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General Motors headquarters

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The Automotive Monthly Metals Index (MMI) jumped 4.9% for this month’s index reading, as General Motors posted a strong Q4 in the U.S. market.

January 2021 Automotive MMI chart

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General Motors posts strong Q4

In the U.S., General Motors reported Q4 sales of 771,323 vehicles, up 5% year over year.

The automaker said the quarter marked its best fourth-quarter retail sales since 2007.

“GM outperformed the industry in the quarter and the full year by a significant margin because our manufacturing and supply chain teams and dealers helped keep people safe at work and our launches on track,” said Steve Carlisle, executive vice president and president of GM North America. “Extraordinary teamwork has set up everyone to succeed in 2021 as the economy continues to recover and we further ramp up truck and SUV production.”

Furthermore, average transaction prices set fourth-quarter and full-year records, GM reported, at $41,886 and $39,229, respectively.

Meanwhile, Fiat Chrysler reported Q4 U.S. sales of 499,431 vehicles, or down 8% year over year. The automaker’s full-year sales in 2020 declined by 17% compared with the previous year.

“The work undertaken by our dealers was nothing less than heroic given the challenges they faced this year,” U.S. Head of Sales Jeff Kommor said. “The fourth quarter provided a strong springboard heading into 2021. Looking ahead, we anticipate an exciting year that will include a variety of new vehicles. Just in the first quarter alone, we will be offering the Ram 1500 TRX, Jeep Wrangler 4xe, Jeep Wrangler Rubicon 392, the refreshed Dodge Durango and the refreshed Chrysler Pacifica.”

Nissan reported Q4 sales of 243,133 vehicles, down 19.3% year over year. The automaker’s full-year sales, meanwhile, declined by 33.2% year over year.

Honda’s December sales were about flat on a year-over-year basis (down 0.1%), while its full-year sales fell 16.3%.

J.D. Power, LMC Automotive release December data

Per a jointly released forecast by J.D. Power and LMC Automotive, U.S. new-vehicle retail sales were forecast to rise in December on a year-over-year basis.

The uptick marked a positive end to what was a challenging year for the sector. The challenges were at their peak in Q2, when automakers suspended production for two months and the U.S. began its first round of coronavirus-related restrictions.

When adjusted for selling days, December sales were forecast to rise 1.0% year over year. Meanwhile, full-year new-vehicle retail sales were forecast to drop by 9.5%.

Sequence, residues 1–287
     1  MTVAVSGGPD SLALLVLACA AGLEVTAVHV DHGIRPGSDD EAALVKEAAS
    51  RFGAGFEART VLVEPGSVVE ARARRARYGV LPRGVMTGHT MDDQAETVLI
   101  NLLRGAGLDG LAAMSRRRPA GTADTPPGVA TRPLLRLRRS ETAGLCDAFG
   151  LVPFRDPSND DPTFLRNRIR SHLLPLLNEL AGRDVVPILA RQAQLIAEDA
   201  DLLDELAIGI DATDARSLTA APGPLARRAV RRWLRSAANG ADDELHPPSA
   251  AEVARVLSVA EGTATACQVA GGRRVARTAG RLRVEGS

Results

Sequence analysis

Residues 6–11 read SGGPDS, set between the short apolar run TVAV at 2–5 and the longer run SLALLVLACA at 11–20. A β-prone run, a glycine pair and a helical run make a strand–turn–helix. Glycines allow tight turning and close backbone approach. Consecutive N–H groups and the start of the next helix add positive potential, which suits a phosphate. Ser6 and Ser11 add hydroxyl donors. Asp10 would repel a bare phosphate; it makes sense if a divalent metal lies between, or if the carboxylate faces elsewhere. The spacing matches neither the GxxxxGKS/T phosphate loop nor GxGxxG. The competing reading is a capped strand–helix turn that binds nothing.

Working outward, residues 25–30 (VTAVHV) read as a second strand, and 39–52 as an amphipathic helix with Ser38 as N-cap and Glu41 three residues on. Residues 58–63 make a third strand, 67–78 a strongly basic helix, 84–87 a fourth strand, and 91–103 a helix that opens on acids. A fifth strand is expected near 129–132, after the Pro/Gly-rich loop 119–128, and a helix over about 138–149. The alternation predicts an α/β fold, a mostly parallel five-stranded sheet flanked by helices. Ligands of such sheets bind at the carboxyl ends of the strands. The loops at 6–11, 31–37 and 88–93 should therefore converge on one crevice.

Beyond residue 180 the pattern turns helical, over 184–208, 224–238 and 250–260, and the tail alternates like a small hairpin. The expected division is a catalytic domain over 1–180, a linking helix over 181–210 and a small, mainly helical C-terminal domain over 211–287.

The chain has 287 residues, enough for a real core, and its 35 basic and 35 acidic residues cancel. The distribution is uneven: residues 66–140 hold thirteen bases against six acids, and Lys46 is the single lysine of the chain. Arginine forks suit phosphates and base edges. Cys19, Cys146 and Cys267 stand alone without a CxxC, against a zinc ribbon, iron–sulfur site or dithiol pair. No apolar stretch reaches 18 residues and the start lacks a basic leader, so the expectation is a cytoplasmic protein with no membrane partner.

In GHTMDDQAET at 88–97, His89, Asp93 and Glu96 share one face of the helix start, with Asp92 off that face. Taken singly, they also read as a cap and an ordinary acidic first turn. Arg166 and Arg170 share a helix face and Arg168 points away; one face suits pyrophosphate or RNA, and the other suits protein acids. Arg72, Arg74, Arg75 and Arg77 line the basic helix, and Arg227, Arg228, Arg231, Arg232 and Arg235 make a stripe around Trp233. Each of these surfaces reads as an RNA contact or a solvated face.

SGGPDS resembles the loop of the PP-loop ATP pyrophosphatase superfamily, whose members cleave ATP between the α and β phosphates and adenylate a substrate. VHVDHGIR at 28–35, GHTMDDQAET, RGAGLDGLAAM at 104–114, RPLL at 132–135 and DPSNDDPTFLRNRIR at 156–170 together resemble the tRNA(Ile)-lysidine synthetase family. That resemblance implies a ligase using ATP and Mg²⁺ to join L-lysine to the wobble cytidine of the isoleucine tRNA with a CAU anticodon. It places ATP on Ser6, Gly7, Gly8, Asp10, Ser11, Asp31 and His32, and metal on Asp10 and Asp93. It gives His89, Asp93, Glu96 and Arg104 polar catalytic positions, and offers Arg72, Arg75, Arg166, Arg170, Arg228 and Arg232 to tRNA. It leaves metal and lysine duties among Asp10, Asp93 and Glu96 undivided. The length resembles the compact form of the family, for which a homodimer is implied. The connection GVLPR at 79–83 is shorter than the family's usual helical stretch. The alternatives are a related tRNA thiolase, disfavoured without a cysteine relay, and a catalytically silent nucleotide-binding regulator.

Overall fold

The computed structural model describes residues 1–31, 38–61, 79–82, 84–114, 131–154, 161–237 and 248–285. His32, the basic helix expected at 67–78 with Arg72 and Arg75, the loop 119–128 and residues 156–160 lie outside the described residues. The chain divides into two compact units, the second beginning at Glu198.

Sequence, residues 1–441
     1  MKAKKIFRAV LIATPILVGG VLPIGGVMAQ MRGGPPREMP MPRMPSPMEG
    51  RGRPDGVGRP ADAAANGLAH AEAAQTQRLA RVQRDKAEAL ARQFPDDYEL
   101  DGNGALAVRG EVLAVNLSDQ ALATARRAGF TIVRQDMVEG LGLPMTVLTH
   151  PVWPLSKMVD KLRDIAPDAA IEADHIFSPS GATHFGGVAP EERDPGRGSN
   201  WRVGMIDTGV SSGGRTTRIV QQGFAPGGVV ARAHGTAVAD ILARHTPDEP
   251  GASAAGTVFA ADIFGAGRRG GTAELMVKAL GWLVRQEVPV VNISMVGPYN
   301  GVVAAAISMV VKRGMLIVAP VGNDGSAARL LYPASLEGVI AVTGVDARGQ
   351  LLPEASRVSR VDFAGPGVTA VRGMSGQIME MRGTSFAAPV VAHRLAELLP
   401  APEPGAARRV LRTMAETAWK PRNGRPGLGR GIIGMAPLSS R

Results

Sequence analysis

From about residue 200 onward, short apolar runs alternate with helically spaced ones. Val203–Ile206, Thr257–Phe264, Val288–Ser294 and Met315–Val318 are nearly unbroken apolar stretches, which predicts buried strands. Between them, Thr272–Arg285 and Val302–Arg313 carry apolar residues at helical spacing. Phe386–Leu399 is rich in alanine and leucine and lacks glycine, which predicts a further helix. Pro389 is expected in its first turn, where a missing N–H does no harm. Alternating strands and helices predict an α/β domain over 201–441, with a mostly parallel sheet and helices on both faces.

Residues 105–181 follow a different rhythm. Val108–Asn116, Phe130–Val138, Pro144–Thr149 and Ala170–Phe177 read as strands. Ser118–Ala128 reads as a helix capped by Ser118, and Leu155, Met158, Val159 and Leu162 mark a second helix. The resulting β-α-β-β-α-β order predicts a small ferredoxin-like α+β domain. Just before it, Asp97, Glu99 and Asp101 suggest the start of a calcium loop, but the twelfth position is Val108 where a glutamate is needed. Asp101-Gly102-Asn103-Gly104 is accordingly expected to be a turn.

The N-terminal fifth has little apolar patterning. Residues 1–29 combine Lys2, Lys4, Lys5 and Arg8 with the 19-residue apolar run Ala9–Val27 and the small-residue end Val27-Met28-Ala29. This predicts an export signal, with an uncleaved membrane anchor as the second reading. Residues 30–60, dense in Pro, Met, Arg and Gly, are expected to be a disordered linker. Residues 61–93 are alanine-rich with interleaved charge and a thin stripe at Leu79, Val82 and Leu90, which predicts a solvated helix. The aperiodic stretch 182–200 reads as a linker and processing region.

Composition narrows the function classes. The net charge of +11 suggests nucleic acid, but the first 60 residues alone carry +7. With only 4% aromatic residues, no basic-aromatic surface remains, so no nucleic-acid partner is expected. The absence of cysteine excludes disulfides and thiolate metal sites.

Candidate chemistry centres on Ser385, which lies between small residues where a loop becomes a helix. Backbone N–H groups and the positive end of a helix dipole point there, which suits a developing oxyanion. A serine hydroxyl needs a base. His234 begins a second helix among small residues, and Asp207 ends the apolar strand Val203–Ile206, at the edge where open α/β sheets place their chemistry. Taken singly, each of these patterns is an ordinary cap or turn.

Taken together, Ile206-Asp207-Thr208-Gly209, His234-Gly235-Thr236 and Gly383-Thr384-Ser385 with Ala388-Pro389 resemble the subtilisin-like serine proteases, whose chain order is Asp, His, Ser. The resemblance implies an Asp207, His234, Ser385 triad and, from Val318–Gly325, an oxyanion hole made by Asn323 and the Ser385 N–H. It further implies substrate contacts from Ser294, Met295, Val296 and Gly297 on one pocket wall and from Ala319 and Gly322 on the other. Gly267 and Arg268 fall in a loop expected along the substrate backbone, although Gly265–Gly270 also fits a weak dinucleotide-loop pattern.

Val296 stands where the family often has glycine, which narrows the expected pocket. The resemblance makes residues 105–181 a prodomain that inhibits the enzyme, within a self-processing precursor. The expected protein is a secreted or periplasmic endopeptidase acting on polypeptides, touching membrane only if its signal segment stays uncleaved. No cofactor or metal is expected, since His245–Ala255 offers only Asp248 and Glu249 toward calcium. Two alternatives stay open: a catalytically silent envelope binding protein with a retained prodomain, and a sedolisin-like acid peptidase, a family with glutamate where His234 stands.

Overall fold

“December’s performance closes the year on multiple positive notes,” said Thomas King, president of the data and analytics division at J.D. Power. “Retail sales are up, transaction prices are at record levels and retailer profits are at all-time highs.”

General Motors announces U.S. plant investments

In other General Motors news, the automaker announced plans to invest $76 million in two of its U.S. manufacturing plants.

General Motors plans to invest $70 million into its Tonawanda, New York engine plant. In addition, it plans to invest more than $6 million into its metal stamping plant in Parma, Ohio.

“The Tonawanda investment will be used to increase capacity on the engine block machining line and the Parma investment will be used to construct four new metal assembly cells to support increased truck production volumes,” the company said in its announcement.

Actual metals price and trends

The U.S. HDG price rose 13.7% month over month to $1,167 per short ton as of Jan. 1.

The LME three-month copper price rose 1.0% to $7,757 per metric ton. U.S. shredded scrap surged 38.3% to $401 per short ton.

The Korean 5052 aluminum coil premium rose 4.8% to $3.49 per kilogram.

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This Morning in Metals: Ford, Mahindra end joint venture talks

This morning in metals news: Ford Motor Co. and Mahindra announced the mutual decision to end joint venture talks; the Energy Information Administration released its quarterly coal report; and,…

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joint venture puzzle pieces

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This morning in metals news: Ford Motor Co. and Mahindra announced the mutual decision to end joint venture talks; the Energy Information Administration released its quarterly coal report; and, finally, the zinc price has retraced.

Become part of the MetalMiner LinkedIn group and stay connected to trends we’re watching and interesting metal facts.

Ford, Mahindra end joint venture talks

A previously announced joint venture between Ford Motor Co. and Mahindra will not be going through, the companies announced recently.

The two companies had reached a deal back in October 2019, with a long-term expiration date of Dec. 31, 2020.

“According to the companies, the outcome was driven by fundamental changes in global economic and business conditions – caused, in part, by the global pandemic – over the past 15 months,” Ford said in a prepared statement. “Those changes influenced separate decisions by Ford and Mahindra to reassess their respective capital allocation priorities.”

Meanwhile, Ford said its independent operations in India will continue “as is.”

EIA releases quarterly coal report

In addition to the Ford-Mahindra joint venture news, the EIA released its quarterly coal report, reporting Q3 2020 production of 135.8 million short tons.

The output total in Q3 marked an increase of 17.9% from the previous quarter. However, Q3 2020 output declined 25.2% year over year.

Meanwhile, U.S. coal exports jumped 3.2% from Q2 to Q3, with the average export price reaching $89.18 per short ton.

On the other hand, 74.8% of U.S. coal imports came from Colombia.

Zinc price drops

Lastly, metals prices did slow down somewhat over the holiday season.

Among them, the LME three-month zinc price is down 1.52% over the past month. The zinc price closed 2020 at $2,745 per metric ton.